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    I hope you take what I'm going to say in a constructive way and that you practice your welding technique before taking on structural projects like this in the future. You should scrap what you've done and start over after becoming more proficient with your welder because there are serious issues with your welds. They are NOT high strength nor are they going to be reliable.

    Beauty of the weld is only an indication that the weldor knows what he is doing. That being said, crappy looking welds tend to be crappy welds. Grinding off all of the excess buggers and misplaced weld to smooth everything out does not make a stronger connection, it only hides crappy welds. The discontinuous nature of your welds indicates that you can't tell the flux from the filler material in the weld puddle as you are welding. It also appears likely that between your weld passes, you are not getting all of the flux cleaned off of the previous pass before laying down the next pass. This compounds your poor welding technique, as does your not cleaning the rust and scale off of your material.
    #5
  6. PetrB

    PetrB Adventurer

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    If it will be destroyed during the operation, I will change all this, of course )) But all the connections I was tested for strength by using a hammer and 2-ton jack:dhorse I can't destroy this. Craters in multi-pass welds are present only in the "top" layer, as in the "base" weld, all the defects were cutted and re-welded well.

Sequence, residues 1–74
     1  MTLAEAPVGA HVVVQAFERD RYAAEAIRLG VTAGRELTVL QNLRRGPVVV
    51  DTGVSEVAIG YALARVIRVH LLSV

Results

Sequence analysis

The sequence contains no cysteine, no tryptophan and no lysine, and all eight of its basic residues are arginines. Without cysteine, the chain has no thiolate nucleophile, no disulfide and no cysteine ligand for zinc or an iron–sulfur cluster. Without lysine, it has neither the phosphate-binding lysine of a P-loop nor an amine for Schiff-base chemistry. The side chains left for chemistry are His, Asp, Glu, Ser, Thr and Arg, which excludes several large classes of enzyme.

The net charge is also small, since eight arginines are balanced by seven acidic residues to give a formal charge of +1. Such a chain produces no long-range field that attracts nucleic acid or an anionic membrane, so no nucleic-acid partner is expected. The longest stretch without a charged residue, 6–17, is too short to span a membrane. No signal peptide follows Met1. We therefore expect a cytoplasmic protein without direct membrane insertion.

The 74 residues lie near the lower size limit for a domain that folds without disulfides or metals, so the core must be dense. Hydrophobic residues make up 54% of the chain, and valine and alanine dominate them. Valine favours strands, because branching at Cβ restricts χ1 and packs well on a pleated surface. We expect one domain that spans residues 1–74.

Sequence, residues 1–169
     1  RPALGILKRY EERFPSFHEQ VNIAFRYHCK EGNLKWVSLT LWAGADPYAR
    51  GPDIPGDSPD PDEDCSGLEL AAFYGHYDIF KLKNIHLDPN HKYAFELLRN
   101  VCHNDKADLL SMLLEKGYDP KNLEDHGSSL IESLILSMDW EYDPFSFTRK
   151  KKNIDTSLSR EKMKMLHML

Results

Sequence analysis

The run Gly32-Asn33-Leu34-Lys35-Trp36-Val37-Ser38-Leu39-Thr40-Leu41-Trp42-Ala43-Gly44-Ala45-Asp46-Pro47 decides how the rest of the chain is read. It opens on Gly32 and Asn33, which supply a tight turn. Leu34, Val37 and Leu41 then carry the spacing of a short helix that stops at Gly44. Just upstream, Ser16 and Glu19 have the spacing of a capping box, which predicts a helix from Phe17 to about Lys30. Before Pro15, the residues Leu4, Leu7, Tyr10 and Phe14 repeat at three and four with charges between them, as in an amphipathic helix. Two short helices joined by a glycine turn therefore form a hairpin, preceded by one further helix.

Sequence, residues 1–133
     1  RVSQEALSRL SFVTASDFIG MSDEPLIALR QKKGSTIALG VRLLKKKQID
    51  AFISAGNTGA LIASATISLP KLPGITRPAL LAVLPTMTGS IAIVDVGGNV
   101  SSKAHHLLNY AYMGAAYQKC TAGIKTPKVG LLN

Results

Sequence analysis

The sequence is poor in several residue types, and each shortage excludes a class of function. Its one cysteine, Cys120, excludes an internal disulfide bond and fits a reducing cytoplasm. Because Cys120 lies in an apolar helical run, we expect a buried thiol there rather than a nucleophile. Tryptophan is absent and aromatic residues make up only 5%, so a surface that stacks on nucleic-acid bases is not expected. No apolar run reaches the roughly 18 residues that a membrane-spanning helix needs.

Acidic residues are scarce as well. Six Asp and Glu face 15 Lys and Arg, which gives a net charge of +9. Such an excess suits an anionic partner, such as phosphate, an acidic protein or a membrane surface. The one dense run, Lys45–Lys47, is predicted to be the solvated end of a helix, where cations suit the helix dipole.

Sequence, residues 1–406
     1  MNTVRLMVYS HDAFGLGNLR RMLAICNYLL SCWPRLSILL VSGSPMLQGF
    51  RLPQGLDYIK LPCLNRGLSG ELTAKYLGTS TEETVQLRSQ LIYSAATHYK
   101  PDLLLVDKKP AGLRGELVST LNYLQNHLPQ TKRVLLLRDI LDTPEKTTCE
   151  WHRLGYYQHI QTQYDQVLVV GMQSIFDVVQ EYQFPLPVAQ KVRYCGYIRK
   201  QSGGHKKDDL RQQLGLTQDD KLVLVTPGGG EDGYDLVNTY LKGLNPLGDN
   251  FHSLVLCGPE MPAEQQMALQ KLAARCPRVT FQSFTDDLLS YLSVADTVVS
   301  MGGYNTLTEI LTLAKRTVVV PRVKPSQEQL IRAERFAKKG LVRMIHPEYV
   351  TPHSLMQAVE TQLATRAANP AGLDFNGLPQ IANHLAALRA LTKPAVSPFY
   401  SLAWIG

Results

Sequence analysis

This mounts was welded like this:
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    I mean, what some craters and scrap in the weld are not weakens all the structure. And the length of welds I was made more longer, than in factory products - it increases strength too.

    Welds at inner side was my mistake. There are not able to be qualitatively welded. And no sense in them, because a lot of metal was melting outside. Overall, I am fully confident in my work.

    The more I have two major technical problems: low voltage supply (up to 180-160V) and low power of this supply - only 3 kW. These limitations will never allow me to work with a thick metal.
    #6
  7. JustKip

    JustKip Long timer

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    The design and bending is awesome, but...
    I agree COMPLETELY with Mr. Bad! I would not consider taking that on the road.
    Your pictures don't show up well enough on my computer, but it looks like you might be using the wrong polarity for the welding wire.

    Anyway, it might be holding up to your tests now, but those welds will almost certianally break after miles of use! I can see many places that cracks can start, and they always do in dynamic load applications.

    Also, something that helps when using a little welder for thicker materiel (slightly thicker than rated, but not twice as thick) is to preheat the materiel to about 250f (120c) so the metal don't absorb the heat from the weld, which also causes cracking of welds.
    #7
  8. PetrB

    PetrB Adventurer

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    Okay, I'll try to cut off this ugliness and re-weld again. Now, during the weekends, a lot of people come here - they uses many of electric heaters - so the supply voltage falls very much, and welding is becoming absolutely impossible.
    #8
  9. PetrB

    PetrB Adventurer